Bacteria Species Can Build 'Radiation Shield'

Radiation are known to be deadly to humans, as our bodies are not adapted to being blasted by such particles for prolonged periods of time. The same cannot be said by a particular species of bacteria, which can build a shield that withstands massive doses of radiation.

A team of investigators was surprised to find out that the microorganism that only survives in these extreme conditions, but also that it is able to thrive in them.

The group exposed the Deinococcus radiodurans bacteria to sizzling doses of radiation, expecting to see cells mutate, fall apart, and get destroyed.

They were however treated to a totally different sight. The bacteria began building a shield to protect itself against radiation, which left scientists baffled, Science News reports.

The tiny cells began producing small chemical complexes featuring manganese and other chemicals, that were able to engulf all the byproducts that radiation produced in the bacterial colony.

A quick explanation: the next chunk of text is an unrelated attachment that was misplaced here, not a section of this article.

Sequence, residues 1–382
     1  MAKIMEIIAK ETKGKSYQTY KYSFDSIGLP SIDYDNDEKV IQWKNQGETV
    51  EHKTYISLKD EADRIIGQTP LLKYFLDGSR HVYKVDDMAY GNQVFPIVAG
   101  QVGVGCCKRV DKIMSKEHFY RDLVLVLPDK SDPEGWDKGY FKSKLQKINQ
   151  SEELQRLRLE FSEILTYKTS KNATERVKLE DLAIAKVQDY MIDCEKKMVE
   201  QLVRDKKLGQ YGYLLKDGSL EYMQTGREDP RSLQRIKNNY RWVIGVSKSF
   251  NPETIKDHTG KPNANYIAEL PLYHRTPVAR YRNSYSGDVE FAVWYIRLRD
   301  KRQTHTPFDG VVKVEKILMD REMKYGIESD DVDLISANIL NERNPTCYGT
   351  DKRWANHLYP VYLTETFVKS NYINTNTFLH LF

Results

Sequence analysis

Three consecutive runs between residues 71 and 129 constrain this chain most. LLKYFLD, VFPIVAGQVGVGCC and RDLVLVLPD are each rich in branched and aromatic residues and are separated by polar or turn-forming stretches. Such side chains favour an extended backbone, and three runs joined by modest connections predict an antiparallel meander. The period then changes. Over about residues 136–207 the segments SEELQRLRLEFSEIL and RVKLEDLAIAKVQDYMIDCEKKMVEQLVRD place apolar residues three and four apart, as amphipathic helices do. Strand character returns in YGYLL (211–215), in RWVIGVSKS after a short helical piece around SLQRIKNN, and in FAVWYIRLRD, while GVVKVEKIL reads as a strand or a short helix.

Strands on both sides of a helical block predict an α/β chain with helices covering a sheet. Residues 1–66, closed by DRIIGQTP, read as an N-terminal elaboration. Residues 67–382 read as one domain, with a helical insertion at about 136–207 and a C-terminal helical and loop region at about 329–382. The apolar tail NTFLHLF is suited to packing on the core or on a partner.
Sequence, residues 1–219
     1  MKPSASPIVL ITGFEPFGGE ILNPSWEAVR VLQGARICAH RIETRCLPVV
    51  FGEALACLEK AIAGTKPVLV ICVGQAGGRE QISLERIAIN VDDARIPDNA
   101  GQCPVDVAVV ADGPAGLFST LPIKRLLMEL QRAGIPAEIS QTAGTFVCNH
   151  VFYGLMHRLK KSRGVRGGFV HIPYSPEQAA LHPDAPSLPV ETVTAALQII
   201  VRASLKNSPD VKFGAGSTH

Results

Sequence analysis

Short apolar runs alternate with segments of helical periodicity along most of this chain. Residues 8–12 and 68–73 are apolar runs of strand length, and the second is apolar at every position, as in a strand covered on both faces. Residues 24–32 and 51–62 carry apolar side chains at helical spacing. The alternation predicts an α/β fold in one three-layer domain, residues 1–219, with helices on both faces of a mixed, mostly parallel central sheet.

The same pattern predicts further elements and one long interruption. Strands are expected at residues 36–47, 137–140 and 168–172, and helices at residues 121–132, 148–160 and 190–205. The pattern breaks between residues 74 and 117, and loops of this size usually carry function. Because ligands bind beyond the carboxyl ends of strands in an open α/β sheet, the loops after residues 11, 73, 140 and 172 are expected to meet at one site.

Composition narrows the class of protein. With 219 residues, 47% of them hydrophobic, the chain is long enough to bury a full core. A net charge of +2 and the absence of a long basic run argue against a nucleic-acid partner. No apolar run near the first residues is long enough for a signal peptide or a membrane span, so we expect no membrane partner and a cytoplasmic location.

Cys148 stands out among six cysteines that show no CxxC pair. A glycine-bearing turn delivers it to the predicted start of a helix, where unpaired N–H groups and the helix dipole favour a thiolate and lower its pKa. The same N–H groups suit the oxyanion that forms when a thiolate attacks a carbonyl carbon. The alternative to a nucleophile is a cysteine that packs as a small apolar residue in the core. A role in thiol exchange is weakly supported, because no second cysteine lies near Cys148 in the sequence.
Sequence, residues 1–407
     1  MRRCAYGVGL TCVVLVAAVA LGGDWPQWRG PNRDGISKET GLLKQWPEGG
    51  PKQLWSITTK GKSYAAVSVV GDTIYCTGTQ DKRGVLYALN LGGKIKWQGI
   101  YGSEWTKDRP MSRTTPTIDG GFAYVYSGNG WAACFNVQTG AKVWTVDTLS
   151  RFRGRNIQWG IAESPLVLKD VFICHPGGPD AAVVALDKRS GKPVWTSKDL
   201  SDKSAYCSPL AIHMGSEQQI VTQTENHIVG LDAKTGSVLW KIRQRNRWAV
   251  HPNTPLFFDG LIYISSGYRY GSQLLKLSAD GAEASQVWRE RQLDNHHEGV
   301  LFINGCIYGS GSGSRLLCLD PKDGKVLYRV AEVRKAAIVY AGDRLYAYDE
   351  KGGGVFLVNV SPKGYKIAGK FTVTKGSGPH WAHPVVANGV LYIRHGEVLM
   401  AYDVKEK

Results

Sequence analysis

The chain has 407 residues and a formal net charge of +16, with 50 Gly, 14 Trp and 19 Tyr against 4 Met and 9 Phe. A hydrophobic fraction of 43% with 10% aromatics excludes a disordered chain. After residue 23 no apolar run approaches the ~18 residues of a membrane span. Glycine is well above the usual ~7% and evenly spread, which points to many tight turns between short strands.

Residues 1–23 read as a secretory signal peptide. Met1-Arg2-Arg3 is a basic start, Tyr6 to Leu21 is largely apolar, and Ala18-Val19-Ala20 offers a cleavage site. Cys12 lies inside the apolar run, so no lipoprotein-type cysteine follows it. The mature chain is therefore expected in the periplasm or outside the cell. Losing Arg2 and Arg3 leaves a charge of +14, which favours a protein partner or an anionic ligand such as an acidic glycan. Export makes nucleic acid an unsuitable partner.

This basically means that, while the radiation did indeed strike the bacteria and produced dangerous substances within, these substances did not have any discernible effect of the cells themselves.

A detailed account of the new study appears in the September 3 issue of the respected open-access journal PLoS ONE, a publication of the Public Library of Science.

But undoubtedly one of the most interesting aspects of the investigation was discovering the fact that the shield seemed more intent to protect certain proteins than genetic material such as DNA.

“What really got us excited is that these compounds only protect proteins, not DNA. The key to survival is protecting these proteins,” says Michael Daly.

The expert is a coauthor of the new paper, and he is based in Bethesda, Maryland, at the Uniformed Services University of the Health Sciences.

He explains that the protective elements D. radiodurans features can also be introduced into Escherichia coli cells, as well as in human blood cells.

When this happens, the normally-sensitive cells are turned into supercells, that can also withstand the devastating side-effects of radiation.

Since the bacteria was first discovered, back in 1956, researchers learned that it can withstand radiation levels of up to 1,000 times those required to kill a fully-grown human.

The new data could be used to create advanced, radiation-resistant bacteria for radioactive cleanup efforts. They microorganisms could endure for longer periods of time, and also be more efficient.

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